General Motors’s ongoing strive to revert its loss-making Opel/Vauxhall division to positive results may end this year, even as the region’s economy proves to be shaky once more.
GM President Dan Ammann said that the carmaker has swiftly moved to restore European operations to profitability and the efforts are currently on the right path, even as the European economy is in turmoil because of political and economical factors. According to Ammann, who discussed the proceeds on the sidelines of the World Economic Forum in Davos, Switzerland, the European economy has been “a little softer than even we expected and I think we were at the low end of expectations,” but “that doesn’t derail our fundamental objectives” and the strategy is “generally on track.” Back in 2013, General Motors made the surprising move of axing the not so long ago introduced Chevrolet brand, instead focusing on securing the European revival of the German Opel and UK Vauxhall brands. The No. 1 US carmaker pledged investments worth 4 billion euros to introduce 23 new cars and 13 new engines.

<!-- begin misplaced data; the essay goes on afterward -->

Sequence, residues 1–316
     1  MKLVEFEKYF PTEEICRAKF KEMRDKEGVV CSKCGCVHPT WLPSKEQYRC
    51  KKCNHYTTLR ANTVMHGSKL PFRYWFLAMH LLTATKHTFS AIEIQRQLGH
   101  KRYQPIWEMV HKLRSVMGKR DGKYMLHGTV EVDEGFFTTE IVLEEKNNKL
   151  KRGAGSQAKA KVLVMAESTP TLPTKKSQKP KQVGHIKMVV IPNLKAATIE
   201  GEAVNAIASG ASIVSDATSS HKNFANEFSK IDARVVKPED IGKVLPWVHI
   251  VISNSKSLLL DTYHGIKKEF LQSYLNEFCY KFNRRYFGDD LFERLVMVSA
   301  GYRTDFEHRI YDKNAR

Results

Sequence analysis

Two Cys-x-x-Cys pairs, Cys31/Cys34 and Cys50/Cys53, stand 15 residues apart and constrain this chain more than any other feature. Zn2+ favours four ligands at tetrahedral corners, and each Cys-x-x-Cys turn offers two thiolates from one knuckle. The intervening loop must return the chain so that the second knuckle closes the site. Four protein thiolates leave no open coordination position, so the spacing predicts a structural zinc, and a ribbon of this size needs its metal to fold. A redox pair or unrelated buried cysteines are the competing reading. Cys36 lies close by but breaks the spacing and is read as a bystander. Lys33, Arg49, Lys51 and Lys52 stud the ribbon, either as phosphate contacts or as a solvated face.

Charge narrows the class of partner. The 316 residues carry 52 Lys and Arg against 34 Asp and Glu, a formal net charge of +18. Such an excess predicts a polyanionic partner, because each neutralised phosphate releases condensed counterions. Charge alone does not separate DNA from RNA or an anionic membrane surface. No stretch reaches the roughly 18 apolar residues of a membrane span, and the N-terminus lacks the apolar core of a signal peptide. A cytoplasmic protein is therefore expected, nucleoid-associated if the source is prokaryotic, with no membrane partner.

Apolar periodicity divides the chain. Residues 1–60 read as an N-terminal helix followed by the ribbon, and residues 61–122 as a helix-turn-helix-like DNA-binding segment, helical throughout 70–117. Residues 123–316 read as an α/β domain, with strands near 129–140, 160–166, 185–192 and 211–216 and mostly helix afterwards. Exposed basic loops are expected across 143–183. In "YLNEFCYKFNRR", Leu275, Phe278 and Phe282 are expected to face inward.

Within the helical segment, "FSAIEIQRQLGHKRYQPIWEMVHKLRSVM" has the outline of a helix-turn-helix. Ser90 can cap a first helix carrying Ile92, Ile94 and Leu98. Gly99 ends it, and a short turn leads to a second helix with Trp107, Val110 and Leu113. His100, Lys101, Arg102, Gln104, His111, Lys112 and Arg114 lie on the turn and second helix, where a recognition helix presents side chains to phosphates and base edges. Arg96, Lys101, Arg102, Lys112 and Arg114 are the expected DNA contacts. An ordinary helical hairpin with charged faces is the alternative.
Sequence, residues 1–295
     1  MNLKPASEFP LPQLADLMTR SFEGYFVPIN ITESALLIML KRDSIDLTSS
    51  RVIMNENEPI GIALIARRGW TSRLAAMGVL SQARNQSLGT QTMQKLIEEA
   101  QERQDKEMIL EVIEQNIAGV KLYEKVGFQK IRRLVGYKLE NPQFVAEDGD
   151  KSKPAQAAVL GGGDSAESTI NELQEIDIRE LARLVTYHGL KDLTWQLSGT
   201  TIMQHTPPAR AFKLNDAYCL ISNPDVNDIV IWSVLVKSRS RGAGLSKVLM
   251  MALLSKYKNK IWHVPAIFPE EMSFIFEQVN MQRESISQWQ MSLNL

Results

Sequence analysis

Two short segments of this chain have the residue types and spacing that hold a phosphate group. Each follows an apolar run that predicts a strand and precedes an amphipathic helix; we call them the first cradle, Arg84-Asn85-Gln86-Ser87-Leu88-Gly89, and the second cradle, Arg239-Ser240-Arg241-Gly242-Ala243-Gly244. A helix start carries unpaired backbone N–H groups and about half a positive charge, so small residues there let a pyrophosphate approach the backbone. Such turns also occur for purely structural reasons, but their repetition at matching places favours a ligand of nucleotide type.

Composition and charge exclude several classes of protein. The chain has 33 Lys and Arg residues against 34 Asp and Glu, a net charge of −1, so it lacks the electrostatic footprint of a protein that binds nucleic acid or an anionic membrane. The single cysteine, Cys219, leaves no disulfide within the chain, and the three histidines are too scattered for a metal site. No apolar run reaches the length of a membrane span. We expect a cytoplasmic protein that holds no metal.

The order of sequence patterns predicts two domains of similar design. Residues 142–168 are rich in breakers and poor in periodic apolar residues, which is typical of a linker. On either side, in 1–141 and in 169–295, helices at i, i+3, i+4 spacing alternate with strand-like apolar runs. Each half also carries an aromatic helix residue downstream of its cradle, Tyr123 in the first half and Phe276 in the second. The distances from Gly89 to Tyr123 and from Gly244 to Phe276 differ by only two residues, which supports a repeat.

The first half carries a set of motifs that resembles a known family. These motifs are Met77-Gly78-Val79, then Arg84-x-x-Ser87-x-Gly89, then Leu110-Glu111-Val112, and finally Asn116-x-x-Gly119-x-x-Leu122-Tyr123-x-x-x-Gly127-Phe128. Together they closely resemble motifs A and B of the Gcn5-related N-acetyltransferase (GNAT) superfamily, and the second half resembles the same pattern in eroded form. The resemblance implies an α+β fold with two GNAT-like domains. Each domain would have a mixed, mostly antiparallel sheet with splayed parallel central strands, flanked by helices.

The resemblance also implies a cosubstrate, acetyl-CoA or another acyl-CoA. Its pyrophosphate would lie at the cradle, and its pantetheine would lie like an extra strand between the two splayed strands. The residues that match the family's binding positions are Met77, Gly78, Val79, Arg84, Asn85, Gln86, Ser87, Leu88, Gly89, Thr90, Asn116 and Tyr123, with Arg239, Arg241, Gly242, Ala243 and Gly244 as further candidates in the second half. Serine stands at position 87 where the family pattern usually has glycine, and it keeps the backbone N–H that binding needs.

General Motors has forecasted it would end years of losses by “mid-decade” as it reworked the unit’s image with new introductions such as the Mokka subcompact SUV and upcoming Karl minicar. The automaker, currently the third-largest in the world, aims to tackle the European supremacy of second-placed globally Volkswagen AG – though the latter managed to grow sales twice as fast as Opel/Vauxhall in 2014. The unit’s new car sales last year soared 3 percent to 1.08 million autos in Europe.
Via Automotive News Europe